adjective, poor·er, poor·est.
- poop sheet,
- poop staff,
- poor as a churchmouse,
- poor box,
- poor boy,
- poor boy sweater,
- poor farm
Origin of poor
Examples from the Web for poorness
She welcomed the captain to her quarters with profuse apologies for the poorness of the fare and the meagreness of the room.The Idol of The Blind|Tom Gallon
It was just like my poorness to think I could ever marry any one so clever and spry as yourself.The Making of a Prig|Evelyn Sharp
Not to be shamed among other girls by the poorness of her apparel was a pride to her.Ayala's Angel|Anthony Trollope
Most of them are out and out humbugs, and make up for their richness in drugs by their poorness in good, pure fat and alkali.A Handbook of Health|Woods Hutchinson
What architect now thinks of correcting the poorness of hard, straight lines by very slightly curving them?The Practice and Science Of Drawing|Harold Speed
- lacking financial or other means of subsistence; needy
- (as collective noun; preceded by the)the poor
Word Origin for poor
c.1200, "lacking money or resources, destitute; needy, indigent; small, scanty," from Old French povre "poor, wretched, dispossessed; inadequate; weak, thin" (Modern French pauvre), from Latin pauper "poor, not wealthy," from pre-Latin *pau-paros "producing little; getting little," a compound from the roots of paucus "little" (see paucity) and parare "to produce, bring forth" (see pare).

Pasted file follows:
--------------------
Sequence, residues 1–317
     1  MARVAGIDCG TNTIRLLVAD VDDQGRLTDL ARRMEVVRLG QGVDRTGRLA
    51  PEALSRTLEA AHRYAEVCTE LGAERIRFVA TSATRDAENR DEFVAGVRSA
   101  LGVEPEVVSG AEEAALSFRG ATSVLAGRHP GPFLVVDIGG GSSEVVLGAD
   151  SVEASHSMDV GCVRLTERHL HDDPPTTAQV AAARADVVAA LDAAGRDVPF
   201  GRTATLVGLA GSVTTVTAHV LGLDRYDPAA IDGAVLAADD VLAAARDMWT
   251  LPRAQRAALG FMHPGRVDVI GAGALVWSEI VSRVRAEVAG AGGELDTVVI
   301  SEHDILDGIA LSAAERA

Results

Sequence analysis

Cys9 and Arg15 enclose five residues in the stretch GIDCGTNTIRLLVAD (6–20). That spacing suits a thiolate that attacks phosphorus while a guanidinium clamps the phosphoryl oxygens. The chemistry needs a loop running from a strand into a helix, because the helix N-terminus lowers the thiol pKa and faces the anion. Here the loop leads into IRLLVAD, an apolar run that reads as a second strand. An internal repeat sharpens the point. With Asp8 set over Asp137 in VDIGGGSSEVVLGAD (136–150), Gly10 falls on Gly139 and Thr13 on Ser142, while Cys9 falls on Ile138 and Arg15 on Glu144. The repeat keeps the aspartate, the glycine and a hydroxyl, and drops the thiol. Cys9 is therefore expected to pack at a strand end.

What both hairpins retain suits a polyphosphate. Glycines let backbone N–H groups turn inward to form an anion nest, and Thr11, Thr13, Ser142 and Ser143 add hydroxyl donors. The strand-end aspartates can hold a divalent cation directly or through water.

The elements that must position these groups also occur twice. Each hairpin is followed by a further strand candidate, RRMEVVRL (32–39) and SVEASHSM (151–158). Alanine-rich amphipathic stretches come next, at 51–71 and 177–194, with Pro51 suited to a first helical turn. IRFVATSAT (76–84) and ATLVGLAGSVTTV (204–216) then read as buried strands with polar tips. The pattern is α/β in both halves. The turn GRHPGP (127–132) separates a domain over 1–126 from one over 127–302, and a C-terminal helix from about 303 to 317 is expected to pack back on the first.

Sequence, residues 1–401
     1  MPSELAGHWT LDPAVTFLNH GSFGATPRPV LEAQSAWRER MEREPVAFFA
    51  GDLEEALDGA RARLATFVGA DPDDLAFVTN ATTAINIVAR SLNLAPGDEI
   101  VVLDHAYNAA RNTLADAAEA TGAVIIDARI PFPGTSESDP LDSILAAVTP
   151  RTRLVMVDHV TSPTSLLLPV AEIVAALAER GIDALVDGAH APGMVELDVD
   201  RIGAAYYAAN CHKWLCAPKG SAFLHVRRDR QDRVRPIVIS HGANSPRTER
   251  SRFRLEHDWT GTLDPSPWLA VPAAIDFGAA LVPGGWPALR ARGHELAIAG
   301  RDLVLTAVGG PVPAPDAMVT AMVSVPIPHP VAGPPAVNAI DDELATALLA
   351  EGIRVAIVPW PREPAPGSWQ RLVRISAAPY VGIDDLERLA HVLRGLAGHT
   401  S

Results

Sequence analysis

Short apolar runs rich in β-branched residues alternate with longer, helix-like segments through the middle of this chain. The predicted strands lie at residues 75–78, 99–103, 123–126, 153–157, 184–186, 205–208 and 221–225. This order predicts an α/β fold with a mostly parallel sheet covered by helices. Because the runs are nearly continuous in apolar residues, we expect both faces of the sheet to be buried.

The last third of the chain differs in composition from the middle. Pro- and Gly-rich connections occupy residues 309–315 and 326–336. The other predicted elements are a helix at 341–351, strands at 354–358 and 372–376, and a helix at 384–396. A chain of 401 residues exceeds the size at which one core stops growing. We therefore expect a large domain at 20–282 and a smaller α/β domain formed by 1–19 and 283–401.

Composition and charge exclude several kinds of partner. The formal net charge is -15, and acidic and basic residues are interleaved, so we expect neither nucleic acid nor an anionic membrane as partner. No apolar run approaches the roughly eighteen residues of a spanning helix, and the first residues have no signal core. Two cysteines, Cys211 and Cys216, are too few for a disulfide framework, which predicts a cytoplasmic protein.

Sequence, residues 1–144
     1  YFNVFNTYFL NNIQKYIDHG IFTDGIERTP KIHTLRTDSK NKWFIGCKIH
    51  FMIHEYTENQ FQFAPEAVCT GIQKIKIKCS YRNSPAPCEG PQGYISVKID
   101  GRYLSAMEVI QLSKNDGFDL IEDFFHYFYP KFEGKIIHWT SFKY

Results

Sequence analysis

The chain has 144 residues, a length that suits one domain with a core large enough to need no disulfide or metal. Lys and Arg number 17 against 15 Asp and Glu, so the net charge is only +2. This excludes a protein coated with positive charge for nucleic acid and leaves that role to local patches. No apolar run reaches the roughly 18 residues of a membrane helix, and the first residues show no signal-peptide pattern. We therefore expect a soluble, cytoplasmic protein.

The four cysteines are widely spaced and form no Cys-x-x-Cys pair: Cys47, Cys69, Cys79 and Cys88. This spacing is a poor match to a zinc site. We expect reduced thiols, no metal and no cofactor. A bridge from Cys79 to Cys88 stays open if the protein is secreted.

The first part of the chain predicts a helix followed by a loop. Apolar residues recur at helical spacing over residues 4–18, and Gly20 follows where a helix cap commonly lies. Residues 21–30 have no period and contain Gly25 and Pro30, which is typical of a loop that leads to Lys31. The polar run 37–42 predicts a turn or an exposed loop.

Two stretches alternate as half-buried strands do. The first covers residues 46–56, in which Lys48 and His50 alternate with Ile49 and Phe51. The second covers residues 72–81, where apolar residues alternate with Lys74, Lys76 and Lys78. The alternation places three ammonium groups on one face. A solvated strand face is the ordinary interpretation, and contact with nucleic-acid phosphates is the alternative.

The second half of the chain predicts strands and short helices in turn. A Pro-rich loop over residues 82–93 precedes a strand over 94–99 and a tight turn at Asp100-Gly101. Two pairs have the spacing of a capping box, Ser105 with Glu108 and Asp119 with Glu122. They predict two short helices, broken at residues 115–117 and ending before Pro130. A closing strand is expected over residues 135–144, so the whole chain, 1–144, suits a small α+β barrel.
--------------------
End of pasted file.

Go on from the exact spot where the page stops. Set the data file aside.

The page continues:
Replaced Old English earm. Figuratively from early 14c. Meaning "of inferior quality" is from c.1300. Of inhabited places from c.1300; of soil, etc., from late 14c. The poor boy sandwich, made of simple but filling ingredients, was invented and named in New Orleans in 1921. To poor mouth "deny one's advantages" is from 1965 (to make a poor mouth "whine" is Scottish dialect from 1822). Slang poor man's ________ "the cheaper alternative to _______," is from 1854.
"poor persons collectively," mid-12c., from poor (adj.). The Latin adjective pauper "poor" also was used in a noun sense "a poor man."